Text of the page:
Stories by Patricia Henley
Hardly anyone's life turns out exactly as planned. People who swear they won't get married fall in love and then down on one knee. People who have exercised every day and never smoked still get cancer. Our bodies and hearts surprise us all the time, and no matter what our goals, we cannot control the actions of others. Patricia Henley has taken these fateful detours and written an excellent collection of stories, Other Heartbreaks.
Achingly authentic, most of the stories concern families coming together for an event, oftentimes a funeral or a wedding. The women are young and old, straight and not, and the men are just as tough and complicated. One doesn't always like them, but they remain interesting.
In "Rocky Gap," June has arrived at the family reunion with her partner Tanya, the first reunion since June's alcoholic sister, Peggy, died. June is trying to hold fast to her relationship with Tanya, but the distance is growing. Being with her crazy family for three days, she's afraid, will only increase Tanya's barely withheld judgment and comparisons to her own family.
Tanya's family is tidy and small. She has one sister; an attorney specializing in outer space law who still lives at home. Secretly June thinks: They wouldn't fart in the bathtub.
The stories are full of subtly funny lines like that closing one. The humor is a resigned and exhausted humor — As in, "Well, all of this may have gone to shit, but at least this part is mildly amusing." They're not jokes, exactly, but they show the characters' personality almost more than anything else we learn about them.
I also enjoyed "Kaput" quite a bit. In it, Bonnie is a fifty-eight year old (not sixty — "Fifty-eight is fifty-eight!") on unemployment after the university she worked for closed. She spent her retirement on a five month trip to Europe, and now she's living on school grounds, in her van.
My daughter Willow would leave the room exasperated, spitting out, "Boomers —." I wasn't simply her mother who had lost her job. I represented a generation of people about to enter their golden years unprepared. Willow, Alex, and my friend Kim all thought that I had swerved over the line and hit those hard dots on the highway that remind you: hey, get with it, you're asleep at the wheel.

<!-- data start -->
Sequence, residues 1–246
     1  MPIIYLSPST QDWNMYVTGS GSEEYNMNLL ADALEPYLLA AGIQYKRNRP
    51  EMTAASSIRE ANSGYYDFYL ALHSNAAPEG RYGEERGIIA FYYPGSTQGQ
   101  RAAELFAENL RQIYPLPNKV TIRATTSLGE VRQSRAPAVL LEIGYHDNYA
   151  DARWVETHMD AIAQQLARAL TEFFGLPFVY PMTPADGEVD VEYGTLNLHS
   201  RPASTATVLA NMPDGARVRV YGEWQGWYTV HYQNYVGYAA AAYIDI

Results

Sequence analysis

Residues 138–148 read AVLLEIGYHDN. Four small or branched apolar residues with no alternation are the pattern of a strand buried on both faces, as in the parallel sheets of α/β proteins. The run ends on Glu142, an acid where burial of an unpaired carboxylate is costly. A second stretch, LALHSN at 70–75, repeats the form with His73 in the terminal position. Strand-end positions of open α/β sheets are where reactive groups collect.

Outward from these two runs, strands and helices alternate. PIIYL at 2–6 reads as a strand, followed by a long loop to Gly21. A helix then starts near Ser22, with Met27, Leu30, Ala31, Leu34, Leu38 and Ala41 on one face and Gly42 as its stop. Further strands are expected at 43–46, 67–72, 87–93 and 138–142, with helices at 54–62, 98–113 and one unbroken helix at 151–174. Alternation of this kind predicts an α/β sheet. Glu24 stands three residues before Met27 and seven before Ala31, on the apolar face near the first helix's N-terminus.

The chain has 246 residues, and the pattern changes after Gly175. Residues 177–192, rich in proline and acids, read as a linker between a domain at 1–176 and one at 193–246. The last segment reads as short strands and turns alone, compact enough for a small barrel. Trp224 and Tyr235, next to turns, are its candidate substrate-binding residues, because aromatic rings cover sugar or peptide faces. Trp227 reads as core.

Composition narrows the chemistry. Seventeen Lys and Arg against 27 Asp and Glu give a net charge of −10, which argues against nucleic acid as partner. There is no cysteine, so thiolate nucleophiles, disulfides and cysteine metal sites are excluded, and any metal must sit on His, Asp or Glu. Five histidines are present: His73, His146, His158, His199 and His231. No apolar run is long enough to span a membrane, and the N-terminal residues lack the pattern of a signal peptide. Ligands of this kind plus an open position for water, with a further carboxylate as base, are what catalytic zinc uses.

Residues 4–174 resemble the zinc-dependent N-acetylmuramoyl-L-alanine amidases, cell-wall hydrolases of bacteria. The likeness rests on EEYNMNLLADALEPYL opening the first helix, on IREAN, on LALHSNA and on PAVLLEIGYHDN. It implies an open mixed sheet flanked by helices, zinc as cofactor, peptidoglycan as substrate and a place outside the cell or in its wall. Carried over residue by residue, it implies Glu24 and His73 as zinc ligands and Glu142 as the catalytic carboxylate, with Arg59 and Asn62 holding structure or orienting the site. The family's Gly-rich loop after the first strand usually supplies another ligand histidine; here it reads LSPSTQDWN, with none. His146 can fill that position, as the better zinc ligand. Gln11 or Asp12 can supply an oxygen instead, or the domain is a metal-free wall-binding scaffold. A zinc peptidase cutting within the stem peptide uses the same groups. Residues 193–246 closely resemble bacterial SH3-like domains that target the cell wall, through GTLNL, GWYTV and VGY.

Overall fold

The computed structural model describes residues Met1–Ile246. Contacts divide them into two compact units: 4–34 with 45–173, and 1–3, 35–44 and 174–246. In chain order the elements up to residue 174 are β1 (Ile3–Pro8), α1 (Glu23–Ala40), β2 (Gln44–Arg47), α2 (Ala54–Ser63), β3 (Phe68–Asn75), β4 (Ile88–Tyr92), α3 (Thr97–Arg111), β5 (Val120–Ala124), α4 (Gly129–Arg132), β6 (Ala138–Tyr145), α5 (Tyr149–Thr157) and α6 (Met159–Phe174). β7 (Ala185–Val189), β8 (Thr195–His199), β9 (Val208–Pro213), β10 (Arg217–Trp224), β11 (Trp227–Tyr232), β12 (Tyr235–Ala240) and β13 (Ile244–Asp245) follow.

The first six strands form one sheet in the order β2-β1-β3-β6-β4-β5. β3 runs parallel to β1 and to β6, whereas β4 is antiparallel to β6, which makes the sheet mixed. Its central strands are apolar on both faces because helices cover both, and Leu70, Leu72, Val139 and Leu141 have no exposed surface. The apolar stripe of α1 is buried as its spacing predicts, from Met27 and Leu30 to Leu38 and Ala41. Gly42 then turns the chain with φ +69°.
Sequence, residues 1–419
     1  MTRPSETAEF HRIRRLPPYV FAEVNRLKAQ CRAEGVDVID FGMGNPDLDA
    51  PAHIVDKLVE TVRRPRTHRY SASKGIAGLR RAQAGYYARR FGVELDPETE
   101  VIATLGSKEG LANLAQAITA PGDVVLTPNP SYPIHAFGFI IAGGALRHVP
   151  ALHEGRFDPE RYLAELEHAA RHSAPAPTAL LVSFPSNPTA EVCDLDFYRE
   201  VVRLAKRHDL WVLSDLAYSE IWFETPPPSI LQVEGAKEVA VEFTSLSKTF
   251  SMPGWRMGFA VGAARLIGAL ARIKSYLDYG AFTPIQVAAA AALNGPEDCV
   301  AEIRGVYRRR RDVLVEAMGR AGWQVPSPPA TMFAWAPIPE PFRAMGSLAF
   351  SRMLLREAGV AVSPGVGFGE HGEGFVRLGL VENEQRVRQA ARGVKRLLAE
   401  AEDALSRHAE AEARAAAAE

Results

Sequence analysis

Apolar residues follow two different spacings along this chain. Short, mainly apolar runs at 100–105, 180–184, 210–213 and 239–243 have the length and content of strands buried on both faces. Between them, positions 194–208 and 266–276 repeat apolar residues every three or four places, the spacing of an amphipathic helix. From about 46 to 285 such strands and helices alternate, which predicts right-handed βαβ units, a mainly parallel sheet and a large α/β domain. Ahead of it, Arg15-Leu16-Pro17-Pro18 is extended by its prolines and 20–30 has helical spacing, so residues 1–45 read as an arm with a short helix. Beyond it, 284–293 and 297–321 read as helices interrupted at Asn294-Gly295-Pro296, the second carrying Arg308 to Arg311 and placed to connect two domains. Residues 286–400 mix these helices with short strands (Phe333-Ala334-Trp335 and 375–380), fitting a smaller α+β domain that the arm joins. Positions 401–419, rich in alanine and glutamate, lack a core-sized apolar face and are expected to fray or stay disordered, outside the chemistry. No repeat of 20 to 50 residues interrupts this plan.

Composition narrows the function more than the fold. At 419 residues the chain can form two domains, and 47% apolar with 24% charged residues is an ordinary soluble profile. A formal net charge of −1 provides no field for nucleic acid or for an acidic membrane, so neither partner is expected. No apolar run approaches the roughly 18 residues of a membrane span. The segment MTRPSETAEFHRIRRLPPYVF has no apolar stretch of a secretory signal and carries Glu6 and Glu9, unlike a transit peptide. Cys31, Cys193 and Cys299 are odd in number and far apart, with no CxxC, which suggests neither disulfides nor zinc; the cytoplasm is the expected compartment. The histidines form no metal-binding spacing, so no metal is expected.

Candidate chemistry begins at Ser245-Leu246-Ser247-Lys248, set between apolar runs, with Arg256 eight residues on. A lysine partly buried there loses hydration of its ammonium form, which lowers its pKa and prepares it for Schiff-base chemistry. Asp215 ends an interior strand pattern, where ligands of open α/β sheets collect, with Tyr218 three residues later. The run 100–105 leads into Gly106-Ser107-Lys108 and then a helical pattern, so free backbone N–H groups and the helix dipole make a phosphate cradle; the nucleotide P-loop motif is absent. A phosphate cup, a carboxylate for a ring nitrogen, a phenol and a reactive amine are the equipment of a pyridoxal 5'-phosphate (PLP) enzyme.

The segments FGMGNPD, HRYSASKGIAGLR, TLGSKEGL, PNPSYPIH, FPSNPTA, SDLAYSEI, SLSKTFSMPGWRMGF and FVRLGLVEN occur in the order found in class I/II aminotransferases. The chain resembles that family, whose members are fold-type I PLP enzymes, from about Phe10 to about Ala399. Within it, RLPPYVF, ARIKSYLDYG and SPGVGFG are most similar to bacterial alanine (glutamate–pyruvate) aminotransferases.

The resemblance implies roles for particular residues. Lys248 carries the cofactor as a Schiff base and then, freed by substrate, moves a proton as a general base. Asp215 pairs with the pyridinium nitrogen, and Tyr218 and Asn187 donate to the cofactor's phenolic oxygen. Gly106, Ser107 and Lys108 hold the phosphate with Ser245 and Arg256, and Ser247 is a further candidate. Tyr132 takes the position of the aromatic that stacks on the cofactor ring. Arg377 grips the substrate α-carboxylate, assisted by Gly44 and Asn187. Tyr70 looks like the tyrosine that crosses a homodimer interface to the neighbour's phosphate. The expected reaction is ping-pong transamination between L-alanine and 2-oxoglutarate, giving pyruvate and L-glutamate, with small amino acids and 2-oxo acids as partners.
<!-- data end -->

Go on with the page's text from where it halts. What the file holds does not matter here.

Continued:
Kim had sent me a ticket to Mexico. Free! For points! Willow disapproved. She had said, reasonably, "Mom. You've got to stop traveling. You're on unemployment. Jesus, Mary, and Joseph, as Aunt Mina would say."
Nevertheless, Bonnie heads to Mexico to meet her friend. Bonnie's life presents itself as a gripping, though slow-moving, wreck. We see so much peril already caused, but we keep watching to see if she'll ever notice those rumble strips and move out of harm's way.
Yes, all the stories are good to different degrees and for different reasons, but what I really want to talk about is the trio of stories headed under the book's title — "Skylark," "Emma Compartmentalizes in Ireland," and "Ephemera." I've reread them at least three times since finishing this book, "Ephemera" especially.
A woman named Sophie March-Gonzales is grieving the death of her husband Luis. Sophie is an artist — oil paintings — and Luis worked for Ceasefire, a group dedicated to ending street violence. They live in Sophie's parents' building in a part of Chicago that used to be populated by Polish immigrants but has since transitioned into a tougher Mexican neighborhood. Her parents, Emma and Joe, have stayed put because it's where Joe grew up, and Sophie has since formed the same attachment. But now, Emma would like to move. She would like to travel Europe. They both wonder how their marriage has reached the state it is, and here Emma is in Ireland, alone: